In Alfred Jarry's satirical drama, Ubu Roi, a power hungry king and queen scheme and murder their way to power, which they then obliviously abuse, inflicting oppression, theft, and mass murder on their citizens. The French writer's1896 play is violent, vulgar, and funny, and is considered by many to be a precursor to absurdist theater. Cheek by Jowl's production, directed by Declan Donnellan, brings a new twist to the play, setting it in the middle of a bourgeois Parisian dinner party with a father, mother, teenage son, and three guests. Polite, subdued, and improvised sections at the dinner table are juxtaposed with the over-the-top dialogue and scenes from Jarry's play. In the context of the bourgeois dinner party, the Jarry dialogue is recast as a fantasy that's meant to reveal the true nature of adults, through the eyes of the teen, played by French actor Sylvain Levitte (who also plays the Jarry roles in the "fantasy" sequences, as does the rest of the cast). We spoke to Levitte about his experience preparing and performing Ubu Roi so far.
Lincoln Center: How familiar were you with Ubu Roi before this production?
Sylvain Levitte: I knew of the play, of course, but I hadn't seen it before taking on this role. I knew of a very famous production at the Nada Theatre in France, in which the main characters were fruits and vegetables, and also know of it as a play performed with marionettes. And of course I'm familiar with the adjective ubuesque, to describe someone with a decadent, anti-social personality.
LC: This production is unique in that rather than a straightforward version of Ubu Roi, it's a mix of reality and fantasy, a juxtaposition of improvised sections set at a civilized dinner party and the more intense scripted sections from Jarry's play. What's it like to switch between these two modes?
SL: It's interesting for actors. In the bourgeois dinner, the tone is chic and civilized, where everyone agrees with one another and there's no conflict. And in the straight-up Jarry sections, it's no holds barred, where the characters are overtly power-hungry, monstrous, and disgusting. We're interchanging between this polite and emotionless bourgeois dinner party and Jarry's play, with Jarry's words revealing the inner emotions of these people.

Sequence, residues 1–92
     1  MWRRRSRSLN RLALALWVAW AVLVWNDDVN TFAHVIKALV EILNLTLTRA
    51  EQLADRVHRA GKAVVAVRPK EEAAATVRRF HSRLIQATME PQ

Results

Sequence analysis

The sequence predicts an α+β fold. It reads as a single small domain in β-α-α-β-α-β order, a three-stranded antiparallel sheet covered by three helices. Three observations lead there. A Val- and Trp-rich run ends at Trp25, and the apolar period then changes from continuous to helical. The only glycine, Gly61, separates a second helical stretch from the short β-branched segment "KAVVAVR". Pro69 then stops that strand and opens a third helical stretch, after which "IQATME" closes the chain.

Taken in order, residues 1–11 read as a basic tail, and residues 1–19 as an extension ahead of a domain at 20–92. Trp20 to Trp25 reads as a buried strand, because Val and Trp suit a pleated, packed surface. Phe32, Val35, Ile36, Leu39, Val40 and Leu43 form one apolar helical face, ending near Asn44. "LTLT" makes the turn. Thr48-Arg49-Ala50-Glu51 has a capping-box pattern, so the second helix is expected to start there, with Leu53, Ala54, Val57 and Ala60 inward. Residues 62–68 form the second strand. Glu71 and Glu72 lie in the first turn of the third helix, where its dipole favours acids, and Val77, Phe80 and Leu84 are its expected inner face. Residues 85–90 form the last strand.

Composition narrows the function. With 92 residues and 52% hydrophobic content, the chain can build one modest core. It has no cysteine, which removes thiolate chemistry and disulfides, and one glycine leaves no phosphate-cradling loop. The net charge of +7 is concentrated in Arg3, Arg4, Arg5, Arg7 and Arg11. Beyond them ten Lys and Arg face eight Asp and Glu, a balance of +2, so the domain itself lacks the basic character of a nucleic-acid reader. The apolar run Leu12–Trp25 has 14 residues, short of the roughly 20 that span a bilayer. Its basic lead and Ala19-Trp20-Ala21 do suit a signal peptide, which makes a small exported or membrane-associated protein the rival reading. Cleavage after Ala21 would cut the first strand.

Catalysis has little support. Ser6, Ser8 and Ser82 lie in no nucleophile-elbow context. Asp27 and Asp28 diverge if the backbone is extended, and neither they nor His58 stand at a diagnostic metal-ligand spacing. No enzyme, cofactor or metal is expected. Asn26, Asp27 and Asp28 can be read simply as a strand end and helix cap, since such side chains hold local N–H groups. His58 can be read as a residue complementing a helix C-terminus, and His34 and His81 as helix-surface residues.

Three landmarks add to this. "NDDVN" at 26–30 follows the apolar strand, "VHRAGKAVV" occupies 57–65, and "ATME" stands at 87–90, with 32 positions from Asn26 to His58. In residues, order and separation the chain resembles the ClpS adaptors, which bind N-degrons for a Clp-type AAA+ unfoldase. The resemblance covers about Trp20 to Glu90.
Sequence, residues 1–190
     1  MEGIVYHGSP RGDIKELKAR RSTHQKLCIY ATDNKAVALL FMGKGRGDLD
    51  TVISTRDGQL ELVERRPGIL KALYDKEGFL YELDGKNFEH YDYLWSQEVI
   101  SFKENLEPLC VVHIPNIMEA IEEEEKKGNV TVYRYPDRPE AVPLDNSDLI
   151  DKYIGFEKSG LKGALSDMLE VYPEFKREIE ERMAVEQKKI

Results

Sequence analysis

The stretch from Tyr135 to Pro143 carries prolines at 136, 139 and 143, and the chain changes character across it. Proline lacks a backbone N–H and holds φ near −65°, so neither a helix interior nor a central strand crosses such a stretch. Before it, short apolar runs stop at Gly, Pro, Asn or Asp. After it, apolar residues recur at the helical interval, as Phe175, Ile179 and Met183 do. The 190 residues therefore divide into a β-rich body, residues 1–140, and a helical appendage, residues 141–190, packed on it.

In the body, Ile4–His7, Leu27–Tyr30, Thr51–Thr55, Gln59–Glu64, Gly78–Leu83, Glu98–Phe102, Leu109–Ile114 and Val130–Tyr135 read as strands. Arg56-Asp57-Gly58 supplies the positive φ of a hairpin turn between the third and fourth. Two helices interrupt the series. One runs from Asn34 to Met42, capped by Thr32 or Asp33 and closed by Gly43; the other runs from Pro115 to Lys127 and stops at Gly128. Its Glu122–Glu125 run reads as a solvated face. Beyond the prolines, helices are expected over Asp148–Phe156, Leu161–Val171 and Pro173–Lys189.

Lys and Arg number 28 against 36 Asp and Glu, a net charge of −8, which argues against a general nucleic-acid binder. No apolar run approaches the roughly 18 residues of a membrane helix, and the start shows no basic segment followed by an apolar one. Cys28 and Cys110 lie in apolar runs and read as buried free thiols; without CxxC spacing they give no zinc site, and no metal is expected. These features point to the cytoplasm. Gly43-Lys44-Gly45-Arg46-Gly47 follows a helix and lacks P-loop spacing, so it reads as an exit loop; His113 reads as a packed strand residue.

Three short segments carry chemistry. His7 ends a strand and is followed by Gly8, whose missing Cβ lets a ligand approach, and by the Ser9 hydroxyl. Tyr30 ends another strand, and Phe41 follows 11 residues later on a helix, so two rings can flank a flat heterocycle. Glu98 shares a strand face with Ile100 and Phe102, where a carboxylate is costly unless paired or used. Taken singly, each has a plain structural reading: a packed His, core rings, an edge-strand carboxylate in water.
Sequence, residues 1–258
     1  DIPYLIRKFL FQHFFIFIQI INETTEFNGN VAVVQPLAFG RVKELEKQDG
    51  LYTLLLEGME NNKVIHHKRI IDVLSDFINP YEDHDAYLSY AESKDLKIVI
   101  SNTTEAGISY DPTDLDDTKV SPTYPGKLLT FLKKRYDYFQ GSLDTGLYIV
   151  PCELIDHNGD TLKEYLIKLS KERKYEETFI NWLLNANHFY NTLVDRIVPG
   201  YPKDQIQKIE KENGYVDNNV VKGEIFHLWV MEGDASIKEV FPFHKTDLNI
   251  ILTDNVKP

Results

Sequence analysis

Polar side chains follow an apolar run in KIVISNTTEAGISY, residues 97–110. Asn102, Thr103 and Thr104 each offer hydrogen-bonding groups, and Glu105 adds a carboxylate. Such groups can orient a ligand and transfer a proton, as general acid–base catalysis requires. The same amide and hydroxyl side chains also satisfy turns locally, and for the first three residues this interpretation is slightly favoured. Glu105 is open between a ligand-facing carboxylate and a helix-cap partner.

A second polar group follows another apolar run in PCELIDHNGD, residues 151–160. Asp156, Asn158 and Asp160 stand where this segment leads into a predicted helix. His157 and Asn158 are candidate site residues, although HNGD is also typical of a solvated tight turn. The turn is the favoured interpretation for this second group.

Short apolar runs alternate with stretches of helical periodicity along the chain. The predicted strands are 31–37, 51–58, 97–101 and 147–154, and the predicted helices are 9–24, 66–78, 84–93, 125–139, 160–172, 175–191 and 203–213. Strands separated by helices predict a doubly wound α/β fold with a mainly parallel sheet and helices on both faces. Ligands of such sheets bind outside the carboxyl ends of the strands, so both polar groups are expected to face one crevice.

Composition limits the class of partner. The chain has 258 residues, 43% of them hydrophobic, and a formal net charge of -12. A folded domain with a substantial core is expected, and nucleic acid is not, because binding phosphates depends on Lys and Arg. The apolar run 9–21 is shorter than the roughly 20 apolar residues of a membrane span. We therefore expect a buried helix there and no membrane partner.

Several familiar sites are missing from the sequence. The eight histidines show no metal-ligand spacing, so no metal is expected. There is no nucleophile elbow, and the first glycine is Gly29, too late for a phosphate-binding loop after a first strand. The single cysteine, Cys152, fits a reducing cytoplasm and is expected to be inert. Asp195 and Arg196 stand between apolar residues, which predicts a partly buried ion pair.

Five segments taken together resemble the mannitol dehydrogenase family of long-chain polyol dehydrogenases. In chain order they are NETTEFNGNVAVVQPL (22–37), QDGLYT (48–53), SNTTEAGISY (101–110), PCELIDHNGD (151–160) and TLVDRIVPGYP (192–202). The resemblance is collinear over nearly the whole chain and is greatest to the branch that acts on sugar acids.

We worked a lot on the technique of passing from one mode to the other. In rehearsals with Declan, we started working on the bourgeois dinner play – we improvised dialogue around the weather outside, whether we were happier in the country or city. We were in improvisation mode all the time. Then we started working with choreographer Jane Gibson, which helped bring the monster out of us for the Jarry sections, a complete metamorphosis. Choreography is really important to differentiate the sections. For the dinner party sequences, we worked on the "civilized" body, which is to say a body that sits upright, with a calm, and soft voice, then something more extreme and outsized in terms of body movement and tone for the Jarry sections.
Jarry based the Ubu character on his high school physics teacher, while he was still a teenager? Did any of that inform your interpretation of your role?
I wasn't alive during Jarry's time, so I'll never know for sure, but with regards to adolescence, what we focused on was the typical teenage desire to be independent from one's parents. Arthur, the 14-year-old in the bourgeois piece, wants to criticize his parents, wants to show the rest of the world the real nature of his parents. It's a very adolescent tendency.
How is working with Declan different from working with a French director?
Declan looks at acting as a game. For a French actor, that's a huge pleasure – the body is used a lot more than with a French director. Declan is also really focused on the live aspect of theater, and encourages us to be fearless and constantly present, so we can engage the other actors in real time, as well as react when other actors engage us in real time. We're in this mode even when we're interacting with the audience. It's intense.
LC: This is a French play that you've brought to many countries, and, thanks to the supertitles, people can understand it in their native languages. Has the audience reaction been different in other countries?
SL: Yes, it's fascinating and exhilarating to perform the piece around the world. In London, we had lively audiences that laughed a lot and were very much engaged. In Spain, audiences laughed a lot, too. It was touching and intense in Romania, where the country is still coming to terms with the Ceausescu dictatorship. The political aspect of the play came out in a strong way over there, since the piece is about a man and woman who take blood and anything else they can get from their country's citizens. There was less laughter, but also a bit of stupor in the face of things that are still really fresh there. It was beautiful to see the reaction in Romania.
LC: What are you planning on doing in New York while you're here?
SL: Probably all the touristy things, but I definitely want to go to back to Prospect Park in Brooklyn. I adore Prospect Park. It's like Central Park, but less strict. It feels more alive.